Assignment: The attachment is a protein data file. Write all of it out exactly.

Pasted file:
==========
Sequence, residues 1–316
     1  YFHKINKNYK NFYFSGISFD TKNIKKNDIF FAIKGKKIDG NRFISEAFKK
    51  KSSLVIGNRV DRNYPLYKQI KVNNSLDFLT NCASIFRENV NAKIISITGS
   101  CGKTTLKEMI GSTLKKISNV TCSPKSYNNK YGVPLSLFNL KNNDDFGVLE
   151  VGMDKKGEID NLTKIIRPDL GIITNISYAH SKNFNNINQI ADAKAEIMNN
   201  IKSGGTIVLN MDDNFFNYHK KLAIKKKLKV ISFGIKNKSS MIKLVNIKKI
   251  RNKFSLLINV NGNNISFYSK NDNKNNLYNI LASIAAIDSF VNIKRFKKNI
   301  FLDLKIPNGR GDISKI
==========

Sequence, residues 1–316
     1  YFHKINKNYK NFYFSGISFD TKNIKKNDIF FAIKGKKIDG NRFISEAFKK
    51  KSSLVIGNRV DRNYPLYKQI KVNNSLDFLT NCASIFRENV NAKIISITGS
   101  CGKTTLKEMI GSTLKKISNV TCSPKSYNNK YGVPLSLFNL KNNDDFGVLE
   151  VGMDKKGEID NLTKIIRPDL GIITNISYAH SKNFNNINQI ADAKAEIMNN
   201  IKSGGTIVLN MDDNFFNYHK KLAIKKKLKV ISFGIKNKSS MIKLVNIKKI
   251  RNKFSLLINV NGNNISFYSK NDNKNNLYNI LASIAAIDSF VNIKRFKKNI
   301  FLDLKIPNGR GDISKI